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Where has my lovely dd gone?

(18 Posts)
Dancergirl Thu 14-Jul-16 20:14:08

Dd2 is 13. She has changed more or less overnight from a sweet, kind-hearted, thoughtful, affectionate girl who adored her mum into a moody, sulky, glaring, sarky teen and now I can't do or say anything right.

I have the fab book Get out of my life.... and it's almost textbook!

She's been having a few ongoing issues with friendships which up to a few weeks ago, talked to me about in depth. Now she's completely closed up and won't talk at all. Rude and snappy to me, dh and her sisters.

So what's the best way to handle all this? Just ignore the attitude?

Please tell me I'm not alone. Have you had this with your dd and come out the other side?

feelingmiffed Thu 14-Jul-16 20:18:06

Has she gone to the same place as my moody soon to be 13yr old Son?!

Don't get me wrong, I'm enjoying seeing him mature now he's in secondary school but the grumpiness and meltdowns are driving me nuts!!!

No advice, sorry, instead I'm waiting for someone to come along and tell us all that there's light at the end of the tunnel once they're 20

Lilly948204 Thu 14-Jul-16 20:27:37

Ha ha and now try to imagine getting 30 of these hormonal beasties to sit down and do 60 minutes of hard work.

Totally normal :-)

Sorry I don't have any helpful advice, I guess as a parent a DT doesn't really work.

Dancergirl Thu 14-Jul-16 20:42:34

Thanks, glad to have the support on here. lilly I don't envy you!

Dancergirl Thu 14-Jul-16 20:42:50

Might head over to the support thread smile

pasanda Fri 15-Jul-16 10:07:50

My 12 year old dd is heading in the same direction. She used to 'reserve cuddle time' in her bed when I went to say goodnight and insist that I get in bed with her so we could have a chat. Six months ago probably.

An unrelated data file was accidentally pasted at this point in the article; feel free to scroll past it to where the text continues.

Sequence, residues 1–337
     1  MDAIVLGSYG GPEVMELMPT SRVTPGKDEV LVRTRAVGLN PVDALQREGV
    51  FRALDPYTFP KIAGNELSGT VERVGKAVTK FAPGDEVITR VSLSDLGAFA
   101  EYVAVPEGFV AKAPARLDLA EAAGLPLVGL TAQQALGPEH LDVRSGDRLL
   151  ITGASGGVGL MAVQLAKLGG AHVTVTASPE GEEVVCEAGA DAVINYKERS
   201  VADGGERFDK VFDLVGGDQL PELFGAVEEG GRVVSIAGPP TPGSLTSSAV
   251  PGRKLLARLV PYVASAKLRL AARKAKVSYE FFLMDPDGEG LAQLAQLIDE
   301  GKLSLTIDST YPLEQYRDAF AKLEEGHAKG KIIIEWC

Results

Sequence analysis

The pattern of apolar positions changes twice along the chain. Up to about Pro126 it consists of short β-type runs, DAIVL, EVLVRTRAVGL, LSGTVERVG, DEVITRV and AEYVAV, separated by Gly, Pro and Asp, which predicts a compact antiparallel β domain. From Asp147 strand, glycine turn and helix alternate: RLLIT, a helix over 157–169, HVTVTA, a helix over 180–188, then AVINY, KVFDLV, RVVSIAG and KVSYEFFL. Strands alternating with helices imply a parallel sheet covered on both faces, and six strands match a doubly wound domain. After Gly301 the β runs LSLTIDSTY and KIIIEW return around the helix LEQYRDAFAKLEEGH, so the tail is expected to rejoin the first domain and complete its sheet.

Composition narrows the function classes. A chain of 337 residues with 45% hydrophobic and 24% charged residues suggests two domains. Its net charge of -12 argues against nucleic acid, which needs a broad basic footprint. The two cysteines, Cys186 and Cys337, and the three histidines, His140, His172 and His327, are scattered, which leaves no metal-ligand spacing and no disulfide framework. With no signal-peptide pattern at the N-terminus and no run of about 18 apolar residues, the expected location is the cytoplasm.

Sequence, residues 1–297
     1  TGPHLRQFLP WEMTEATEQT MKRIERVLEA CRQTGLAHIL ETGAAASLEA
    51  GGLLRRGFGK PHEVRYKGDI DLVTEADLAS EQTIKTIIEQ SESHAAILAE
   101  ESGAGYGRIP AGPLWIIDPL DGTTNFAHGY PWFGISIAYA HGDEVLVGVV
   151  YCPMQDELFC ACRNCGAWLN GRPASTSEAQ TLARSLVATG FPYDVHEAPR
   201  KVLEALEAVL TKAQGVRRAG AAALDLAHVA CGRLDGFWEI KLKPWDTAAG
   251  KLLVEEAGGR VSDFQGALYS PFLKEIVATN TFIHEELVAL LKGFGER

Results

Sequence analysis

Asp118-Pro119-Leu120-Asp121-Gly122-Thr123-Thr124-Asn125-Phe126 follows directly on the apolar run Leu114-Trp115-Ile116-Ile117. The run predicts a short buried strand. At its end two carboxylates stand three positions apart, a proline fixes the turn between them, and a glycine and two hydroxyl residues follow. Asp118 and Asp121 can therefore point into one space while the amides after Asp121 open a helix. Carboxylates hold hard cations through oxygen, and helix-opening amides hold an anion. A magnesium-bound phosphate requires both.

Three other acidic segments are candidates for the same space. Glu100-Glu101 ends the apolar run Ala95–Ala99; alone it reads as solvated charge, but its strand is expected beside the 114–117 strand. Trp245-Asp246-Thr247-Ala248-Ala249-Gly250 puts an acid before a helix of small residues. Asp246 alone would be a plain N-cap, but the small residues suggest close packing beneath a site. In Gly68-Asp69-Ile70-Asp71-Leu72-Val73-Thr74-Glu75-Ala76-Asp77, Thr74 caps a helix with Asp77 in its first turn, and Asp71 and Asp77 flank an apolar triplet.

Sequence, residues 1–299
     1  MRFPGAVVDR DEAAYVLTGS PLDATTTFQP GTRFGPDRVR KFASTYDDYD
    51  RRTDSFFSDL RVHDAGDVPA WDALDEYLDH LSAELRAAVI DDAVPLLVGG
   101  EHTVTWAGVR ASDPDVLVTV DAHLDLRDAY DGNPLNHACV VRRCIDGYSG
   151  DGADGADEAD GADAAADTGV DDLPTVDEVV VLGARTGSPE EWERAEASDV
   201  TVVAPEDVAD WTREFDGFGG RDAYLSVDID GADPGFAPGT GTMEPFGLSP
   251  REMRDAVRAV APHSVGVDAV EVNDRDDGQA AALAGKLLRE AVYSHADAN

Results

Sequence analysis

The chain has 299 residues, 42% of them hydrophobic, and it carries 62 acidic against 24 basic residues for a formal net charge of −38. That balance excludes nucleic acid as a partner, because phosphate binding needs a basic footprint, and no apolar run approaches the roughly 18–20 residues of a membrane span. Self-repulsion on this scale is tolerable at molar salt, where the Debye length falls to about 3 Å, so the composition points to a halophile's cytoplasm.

Now I go in to say goodnight and she hides under the duvet so I can't kiss her sad

She is bitchy and rude to us all and the 8 year old dt's seem to come off worse which is horrible because they don't understand where their lovely sister has gone. They tread on eggshells around her instead.

You have my sympathy.

Dancergirl Fri 15-Jul-16 10:42:22

flowers pasanda I also have a younger dd who is also very confused about her sister. She thinks being a teenager sucks!

Dd had a huge crying fit last night, I thought it was best to leave her get it all out her system, but eventually I went in and she wanted a cuddle and talk. She can be quite articulate when she's in the right mood. Teens give the impression of being grown up and not needing you so much, but they do actually need you more than ever. But they won't always admit it.

teacherwith2kids Fri 15-Jul-16 10:47:02

Oh yes, I've had one of those. Tbh DD (13) was worse about a year ago than she is now.

Is DD2 your dancer? Or DD1? With DD, who also dances, have found that the pressure to 'be very grown up, dedicated and single minded' at dance (she's in classes with girls older to much older than her) means that at home we got a concentrated version of stroppy, uncertain pre-teen / teen

Dancergirl Fri 15-Jul-16 11:11:30

I am impressed with your memory teacher! No it's dd1 who dances. Glad I'm not alone!

teacherwith2kids Fri 15-Jul-16 11:23:02

[Your username is a bit of a memory-jogger...]

Dancergirl Fri 15-Jul-16 11:30:52

Oh yes! grin blush

ImperialBlether Fri 15-Jul-16 11:41:34

A few tips from someone's who's come out the other side:

If you drive, talk to her about things when you're in the car together. It's less intense as you're not eye-to-eye.